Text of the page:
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Kurt's Use Of Harmonic Minor Over Maj7 Chords

(47 posts)
  1. bingefeller
    Member

    Hi guys,

    i read on another forum that Kurt uses the 6th mode of the Harmonic Minor scale over maj7th chords.

    Does anyone know if he really does use this, or is it just a rumour? Also, can someone point me in the direction of what this sounds like in a recorded setting?

    Email
  2. ... You can actually youse maj7#11 or vice veras ( use harmonic minor during this/these chords ).
    I don't know about or if it is even a' rumor ' that he may do this.
    I have been surprised that it isn't stated more often in books or why teachers kinda wince and say '...yeah , you can , but...' without a clear reason why I'm being dissuaded from doing it and moving on to other things to talk about and play...( it's been a consistent response ).
    Seems like personal taste and convention come in to play ( ... Because it is legal) .
    Put the chord ( or a harmonic minor bassline ) through a loop and check it out.

  3. kurtisrosenwinkel
    Administrator

    flat 6th degree of harmonic minor over major7 chord- yes! turns it into a one diminished chord which is a suspension of major. so you can use it as a suspension and then resolve.

  4. kurtisrosenwinkel
    Administrator

    C major7
    E harmonic minor

    B/C

    B7b9

    you can think of c major as B7b9 going to E-

    or you can think of C major as A-, and then use E7b9 to A-. thinking this way creates cadence in your lines even as you are playing over a static chord.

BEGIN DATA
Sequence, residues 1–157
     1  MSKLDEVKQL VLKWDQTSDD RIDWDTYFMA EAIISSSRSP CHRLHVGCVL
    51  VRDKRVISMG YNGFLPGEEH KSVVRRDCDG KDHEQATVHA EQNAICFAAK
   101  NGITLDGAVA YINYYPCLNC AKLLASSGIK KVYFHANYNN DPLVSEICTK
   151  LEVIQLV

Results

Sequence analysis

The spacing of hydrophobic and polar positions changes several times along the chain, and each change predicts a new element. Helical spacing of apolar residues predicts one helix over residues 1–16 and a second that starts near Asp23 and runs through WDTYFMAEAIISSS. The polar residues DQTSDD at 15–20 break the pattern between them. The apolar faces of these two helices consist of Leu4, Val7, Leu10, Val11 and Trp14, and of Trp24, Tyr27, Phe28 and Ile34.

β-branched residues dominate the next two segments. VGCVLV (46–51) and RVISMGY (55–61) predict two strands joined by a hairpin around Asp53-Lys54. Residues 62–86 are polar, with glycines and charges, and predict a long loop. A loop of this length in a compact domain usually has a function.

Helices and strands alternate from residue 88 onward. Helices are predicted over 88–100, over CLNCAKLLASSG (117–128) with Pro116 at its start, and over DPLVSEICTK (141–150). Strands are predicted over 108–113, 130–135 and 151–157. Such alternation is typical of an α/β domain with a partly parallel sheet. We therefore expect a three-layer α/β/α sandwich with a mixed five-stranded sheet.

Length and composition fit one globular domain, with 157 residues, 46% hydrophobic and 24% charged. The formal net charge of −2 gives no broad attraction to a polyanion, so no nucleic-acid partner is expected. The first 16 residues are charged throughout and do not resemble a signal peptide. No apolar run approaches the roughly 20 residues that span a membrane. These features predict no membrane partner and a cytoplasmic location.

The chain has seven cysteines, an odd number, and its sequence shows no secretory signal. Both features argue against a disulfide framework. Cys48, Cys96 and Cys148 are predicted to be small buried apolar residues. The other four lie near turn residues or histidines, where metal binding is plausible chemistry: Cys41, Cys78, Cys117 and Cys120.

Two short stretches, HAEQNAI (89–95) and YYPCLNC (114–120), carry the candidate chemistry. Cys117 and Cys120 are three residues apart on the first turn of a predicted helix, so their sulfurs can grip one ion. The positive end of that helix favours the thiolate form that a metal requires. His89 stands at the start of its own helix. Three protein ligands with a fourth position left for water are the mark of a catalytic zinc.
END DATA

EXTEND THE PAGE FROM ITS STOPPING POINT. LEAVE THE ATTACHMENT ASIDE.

5. bingefeller
    Member

    A reply from Kurt himself! Thank you so much, this has made my day. :)

  6. arewolfe
    Member

    Awesome!

    Now just imagine if this turned into a regular column of "Ask Kurt" (about harmonic and melodic concepts) **hint hint**

  7. patfarlow
    Member

    cool, ill have to practice my harmonic minor more and remember this.

  8. kurtisrosenwinkel
    Administrator

    ask away

  9. patfarlow
    Member

    did you practice your legato alot?, its very smooth.

  10. patfarlow
    Member

    also would you mind talking about the intro to "a life unfolds" on the remedy?

    its one of the most beautiful pices ever

    is it all improv? did you write it out first?

    thanks very much

  11. arewolfe
    Member

    This is sort of a lazy man's question, because the answers are there for me if I just transcribe some of the licks, but...

    I listened to "Backup" from the 2011 Jarasum Jazz Festival. Your solo started off bluesy and progressed to more interesting lines. Since a blues is one of the simplest templates for reharming, what are some less-obvious ideas you could use over the changes (aside from putting a II-V before a chord change, or a tritone sub of the II-V before a chord change... i.e. F#-7 to B7 to Bb7)?